In DISCOVER you found the wealth of full-text journal articles available through INFOhio. In this section you will have the opportunity to dig into educational research and learn how to use social bookmarking and tags to save websites and articles so you can find them again from any computer. If you are interested in developing your own professional page, take a few minutes to review and follow the information on creating a blog.
Take a few minutes to review these resources for additional educational research:
Learn how to access the many educational research materials available through OhioLINK. Check with your local college library to find out how you can access these resources.
Personal Learning Network & Knowledge Building Community
A Personal Learning Network (PLN) is the group of people you connect with to continue your learning. As you progress through the 21 Things you will be introduced to tools to help you build your own PLN. Watch and listen to Will Richardson as he discusses Personal Learning Networks for adults and children. Read this article on creating a PLN from the OELMA Spectrum Spring, 2011 "Cultivate Your Personal Learning Network ‐ Grow Your Knowledge Building Community – Prepare for an Abundant Fall Harvest."
Participate in the Knowledge Building Community and begin building your personal learning network. We will work on other tools to use to develop your PLN in Thing 5. Here is all you need to do to begin in the KBC.
- In the INFOhio Learning Commons menu bar, click on Community.
- Once you are in the community, click on Friends and invite a few people to become your friend.
- Then click on Groups. You can join a group, begin a group or just read what others are discussing in their groups.
- If you want, you can begin a blog in the KBC.
Next, play with social bookmarking and blogs - two tools to help you begin your PLN.
Social bookmarking is a collaborative Web 2.0 tool for tagging and saving bookmarks in the cloud and can be a valuable tool for your professional development. With social bookmarking your bookmarks with their notes are available from any computer or handheld device.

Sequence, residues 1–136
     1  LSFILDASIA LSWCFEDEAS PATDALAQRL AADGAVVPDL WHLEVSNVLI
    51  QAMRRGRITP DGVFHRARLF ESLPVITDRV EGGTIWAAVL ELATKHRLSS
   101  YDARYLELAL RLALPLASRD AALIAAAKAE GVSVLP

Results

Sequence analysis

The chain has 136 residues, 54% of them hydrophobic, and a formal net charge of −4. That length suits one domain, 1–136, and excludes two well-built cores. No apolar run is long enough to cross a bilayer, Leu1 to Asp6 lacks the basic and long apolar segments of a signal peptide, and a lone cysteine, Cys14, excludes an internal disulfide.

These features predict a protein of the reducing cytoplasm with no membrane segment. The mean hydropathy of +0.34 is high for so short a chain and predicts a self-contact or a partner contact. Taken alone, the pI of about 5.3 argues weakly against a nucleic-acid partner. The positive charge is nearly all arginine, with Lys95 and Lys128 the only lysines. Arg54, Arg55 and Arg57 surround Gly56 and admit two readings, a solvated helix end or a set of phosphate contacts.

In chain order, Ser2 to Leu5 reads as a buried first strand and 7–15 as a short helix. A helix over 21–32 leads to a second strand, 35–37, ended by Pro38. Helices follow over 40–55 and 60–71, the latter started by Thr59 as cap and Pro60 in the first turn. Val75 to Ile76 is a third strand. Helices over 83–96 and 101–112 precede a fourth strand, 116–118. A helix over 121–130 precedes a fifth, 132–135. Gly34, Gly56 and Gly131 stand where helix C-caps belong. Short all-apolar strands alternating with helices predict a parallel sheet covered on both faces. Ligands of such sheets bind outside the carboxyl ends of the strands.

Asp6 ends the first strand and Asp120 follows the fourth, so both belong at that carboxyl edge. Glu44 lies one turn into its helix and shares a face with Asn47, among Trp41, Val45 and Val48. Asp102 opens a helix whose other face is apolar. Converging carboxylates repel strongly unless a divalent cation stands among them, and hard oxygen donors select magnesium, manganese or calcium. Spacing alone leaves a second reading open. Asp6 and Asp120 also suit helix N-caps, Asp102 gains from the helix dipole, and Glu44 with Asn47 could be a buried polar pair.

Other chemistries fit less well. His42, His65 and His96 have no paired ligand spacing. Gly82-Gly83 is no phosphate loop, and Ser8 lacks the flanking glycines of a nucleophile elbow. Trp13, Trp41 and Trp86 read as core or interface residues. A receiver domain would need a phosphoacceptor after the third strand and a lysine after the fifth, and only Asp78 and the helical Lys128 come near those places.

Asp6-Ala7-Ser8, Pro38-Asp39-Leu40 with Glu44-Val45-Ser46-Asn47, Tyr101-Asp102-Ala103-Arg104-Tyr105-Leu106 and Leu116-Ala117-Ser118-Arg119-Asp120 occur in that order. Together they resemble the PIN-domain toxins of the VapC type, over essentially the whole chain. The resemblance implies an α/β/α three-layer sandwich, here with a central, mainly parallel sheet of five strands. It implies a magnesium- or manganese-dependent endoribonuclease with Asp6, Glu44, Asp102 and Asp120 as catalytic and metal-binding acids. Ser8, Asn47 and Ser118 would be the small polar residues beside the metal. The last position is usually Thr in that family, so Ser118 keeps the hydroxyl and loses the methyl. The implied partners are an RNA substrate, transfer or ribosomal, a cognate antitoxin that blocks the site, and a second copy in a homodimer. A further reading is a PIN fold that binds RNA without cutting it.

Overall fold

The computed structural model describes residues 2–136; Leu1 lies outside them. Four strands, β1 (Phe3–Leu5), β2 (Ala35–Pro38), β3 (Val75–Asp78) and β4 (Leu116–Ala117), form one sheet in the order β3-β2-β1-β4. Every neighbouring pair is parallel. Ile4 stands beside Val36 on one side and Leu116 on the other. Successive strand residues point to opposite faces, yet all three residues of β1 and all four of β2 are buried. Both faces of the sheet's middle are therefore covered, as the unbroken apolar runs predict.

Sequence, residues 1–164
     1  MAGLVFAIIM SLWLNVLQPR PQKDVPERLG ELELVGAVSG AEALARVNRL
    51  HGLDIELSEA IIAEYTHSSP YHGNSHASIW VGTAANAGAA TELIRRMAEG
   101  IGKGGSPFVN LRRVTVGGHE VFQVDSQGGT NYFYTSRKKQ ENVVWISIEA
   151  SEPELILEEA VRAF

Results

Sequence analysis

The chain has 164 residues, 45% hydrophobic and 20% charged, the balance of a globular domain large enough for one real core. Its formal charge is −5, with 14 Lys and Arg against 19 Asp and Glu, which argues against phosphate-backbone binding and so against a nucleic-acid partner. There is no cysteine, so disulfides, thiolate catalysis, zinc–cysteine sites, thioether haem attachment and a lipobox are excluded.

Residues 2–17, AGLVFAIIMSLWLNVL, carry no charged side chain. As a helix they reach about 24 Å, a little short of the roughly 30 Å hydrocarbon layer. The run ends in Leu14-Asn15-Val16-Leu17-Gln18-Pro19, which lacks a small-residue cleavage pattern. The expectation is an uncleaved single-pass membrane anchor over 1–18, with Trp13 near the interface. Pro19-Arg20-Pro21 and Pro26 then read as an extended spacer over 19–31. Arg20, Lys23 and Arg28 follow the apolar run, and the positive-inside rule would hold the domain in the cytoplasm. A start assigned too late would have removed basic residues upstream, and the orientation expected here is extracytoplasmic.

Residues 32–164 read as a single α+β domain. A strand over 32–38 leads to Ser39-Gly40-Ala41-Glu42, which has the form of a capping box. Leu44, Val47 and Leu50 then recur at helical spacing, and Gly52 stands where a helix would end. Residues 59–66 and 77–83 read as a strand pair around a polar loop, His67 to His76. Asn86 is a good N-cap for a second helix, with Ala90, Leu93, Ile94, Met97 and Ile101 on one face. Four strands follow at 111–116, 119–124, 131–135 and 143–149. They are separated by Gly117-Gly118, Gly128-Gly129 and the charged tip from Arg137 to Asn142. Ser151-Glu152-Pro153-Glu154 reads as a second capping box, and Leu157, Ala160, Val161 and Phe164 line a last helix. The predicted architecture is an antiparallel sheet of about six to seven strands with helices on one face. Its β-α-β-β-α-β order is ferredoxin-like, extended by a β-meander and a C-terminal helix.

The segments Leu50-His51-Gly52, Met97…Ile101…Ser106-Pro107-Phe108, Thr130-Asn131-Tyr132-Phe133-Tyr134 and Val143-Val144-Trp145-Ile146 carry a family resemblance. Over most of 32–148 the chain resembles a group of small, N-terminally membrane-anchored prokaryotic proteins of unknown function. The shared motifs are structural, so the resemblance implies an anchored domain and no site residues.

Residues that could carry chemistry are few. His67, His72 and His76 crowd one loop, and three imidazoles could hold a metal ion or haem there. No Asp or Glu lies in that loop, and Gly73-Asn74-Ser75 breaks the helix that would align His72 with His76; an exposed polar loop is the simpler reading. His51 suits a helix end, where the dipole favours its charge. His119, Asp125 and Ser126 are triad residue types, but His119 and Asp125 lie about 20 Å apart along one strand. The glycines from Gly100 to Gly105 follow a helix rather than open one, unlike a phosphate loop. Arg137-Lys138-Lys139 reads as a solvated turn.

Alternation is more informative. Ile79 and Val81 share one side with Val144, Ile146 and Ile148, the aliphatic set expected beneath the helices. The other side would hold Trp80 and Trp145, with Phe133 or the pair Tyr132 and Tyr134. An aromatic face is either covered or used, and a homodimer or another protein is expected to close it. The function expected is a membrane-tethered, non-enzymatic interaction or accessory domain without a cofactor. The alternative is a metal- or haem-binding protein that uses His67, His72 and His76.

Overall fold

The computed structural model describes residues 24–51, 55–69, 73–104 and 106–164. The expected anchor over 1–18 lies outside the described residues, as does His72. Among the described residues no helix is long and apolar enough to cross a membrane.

- Watch the video by Lee LeFever, Social Bookmarking in Plain English, for an explanation.
- Then, create a Diigo account. You can easily save bookmarks to the resources you find valuable in the 21 Things, providing you easy access later to the websites from any computer.
- Tag your bookmarks.
- Tagging creates your own organizational system for your resources. For example, you can add a tag designating that the site is for school use or home use, what class and unit your will use it with, what semester or nine weeks you will use it, what you want your students to learn, and what kind of tool it is.
- You can search for tags in Diigo to find bookmarks that others have saved, adding to your resource library.
- You can also create lists with your bookmarks to show to others, like a slide show.
Create an Online Portfolio
Would you like to create an online portfolio? Would you like to begin a site for professional discussion or participate in ongoing discussions? Blogs can help you do all of these and more.
Another way to search and collect information from the many digital formats available is curation. Joyce Valenza defines it this way, curation is “the selection and assembly of a focused group of resources into a web-based presentation that meets an identified purpose or need and has meaning for a specific audience. Resources can include traditional library resources, links, instruction, artifacts, widgets, media, ebooks , personal commentary, analysis, more!” We traditionally associate this word with museum collections. As we collect sources relative to our own interests, we need to develop this skill to collect and organize the best information we have from articles, blogs, searches, rss feeds, twitter, video and more.
Take a look at this School Library Journal article on curation by Joyce Valenza, “Curation is the New Search Skill.” It describes several pathfinder/curation tools. Some can be used to collect your digital sources, to archive digital sources for yourself and to share. Other tools, like Scoop.it and Paper.li, can be used to search and to bring new information to you, as well as to collect it to share with others. Explore the different curation tools to help you keep up-to-date and to teach your students to collect information for their projects. Take a look at this article, “The Kids Are Curating,” for inspiration. Curation is a 21st century information literacy skill for students and teachers.